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Sand is possibly something you take for granted; it gets in your hair and your clothes and all over your food at the beach. But sand is also fascinating. Sandy beaches are dynamic: sand accumulates slowly over time, travels down the coast with longshore drift, is removed from the beach by large waves during storms, and can be redeposited back on the beach from offshore banks during calm periods. Sand is typically made mostly of varying amounts of material weathered from inland rocks (or seacliff material) and transported to the beach on the wind or in rivers, and/or shells and other hard parts precipitated out of the ocean water by marine organisms.
Sand therefore records processes at a variety of timescales. Looking closely at sand under a microscope, we can determine the mineral or organismal composition of the sand and determine where it originated, and what kind of rocks or organisms created the sand. For instance, look closely at these snapshots-under-the-microscope of sand samples below:
Just by looking at these samples, we can make some guesses about where they came from. The sand on the left has some black grains and a lot of glassy green grains (plus some white shelly-looking bits). The glassy green grains are olivine, a mineral often found in basaltic rocks-which explains what the black parts are (bits of basalt). Basalt makes up the ocean crust, and hot-spot islands like Hawaii, which is precisely where this sample is from. The sand in the middle is purple-ish due to a high concentration of garnet crystals-commonly found in metamorphic rocks. This sand is from the Big Sur coast of California, with many metamorphic rocks created near an ancient subduction zone. The sand on the right is 100% composed on shells, coral skeleton, and other biological precipitates. There is no evidence of rock fragments, which makes sense-this sand is from the Maldives, a group of coral atoll islands in which the underlying basement rocks have sunk out of view beneath the sea surface.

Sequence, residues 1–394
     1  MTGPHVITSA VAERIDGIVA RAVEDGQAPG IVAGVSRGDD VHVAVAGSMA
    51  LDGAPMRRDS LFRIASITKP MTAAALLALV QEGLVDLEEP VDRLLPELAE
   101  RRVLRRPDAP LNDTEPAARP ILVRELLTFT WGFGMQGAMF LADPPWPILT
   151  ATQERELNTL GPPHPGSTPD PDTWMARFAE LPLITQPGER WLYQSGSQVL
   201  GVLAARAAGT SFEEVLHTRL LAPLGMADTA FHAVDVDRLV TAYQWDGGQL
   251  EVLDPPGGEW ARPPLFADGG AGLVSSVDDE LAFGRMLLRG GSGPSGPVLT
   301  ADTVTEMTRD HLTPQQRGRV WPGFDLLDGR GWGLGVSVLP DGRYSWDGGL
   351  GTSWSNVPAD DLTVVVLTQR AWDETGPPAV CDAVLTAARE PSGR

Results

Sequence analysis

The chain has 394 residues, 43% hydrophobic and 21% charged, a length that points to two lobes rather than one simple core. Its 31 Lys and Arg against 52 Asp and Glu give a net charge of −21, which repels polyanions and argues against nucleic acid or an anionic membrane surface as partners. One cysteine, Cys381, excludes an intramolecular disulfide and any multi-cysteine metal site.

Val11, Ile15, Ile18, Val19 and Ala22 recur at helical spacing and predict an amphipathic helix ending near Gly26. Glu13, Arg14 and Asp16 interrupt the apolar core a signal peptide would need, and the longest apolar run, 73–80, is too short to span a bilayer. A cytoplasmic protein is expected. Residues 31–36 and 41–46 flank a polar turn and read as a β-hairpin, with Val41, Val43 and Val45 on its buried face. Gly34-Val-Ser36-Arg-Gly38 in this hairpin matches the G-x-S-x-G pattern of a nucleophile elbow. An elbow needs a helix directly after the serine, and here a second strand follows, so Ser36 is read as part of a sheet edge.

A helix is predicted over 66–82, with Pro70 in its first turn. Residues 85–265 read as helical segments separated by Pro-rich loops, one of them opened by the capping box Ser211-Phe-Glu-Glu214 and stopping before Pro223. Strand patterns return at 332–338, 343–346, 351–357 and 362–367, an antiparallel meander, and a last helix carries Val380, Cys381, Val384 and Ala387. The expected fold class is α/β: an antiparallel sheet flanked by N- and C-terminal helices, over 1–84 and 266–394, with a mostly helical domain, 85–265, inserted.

Aside from its origin, sand also contains clues about the history it has experienced, and the physical environment in which it currently resides. For instance, compare the amount of rounding in the sand samples below. The sand on the left is from a steep, small beach in Hawaii exposed to powerful winter ocean swells. Smashing into one another repeatedly has polished these sand grains, as they are tossed in the surf. The sand on the right is from a different beach in Big Sur, where a river cascading down the steep mountains backing the beach deposits freshly weathered grains of rock that have not traveled far and have yet to be rounded and smoothed.
Similarly, these two sand samples below might hint to us about the wave energy at a particular beach. The sand on the left is composed of small fine grains, while that on the right is made of larger, heavier mineral grains. This difference suggests that the beach on the right is typically inundated with larger waves that carry lighter, smaller particles away and leave behind only the larger sediments.
Sand can also hold interesting clues about the marine organisms that live nearby and contributed to the sand formation-for example, the types of shells and their relative abundance can used as an indicator of the health of nearby ecosystems.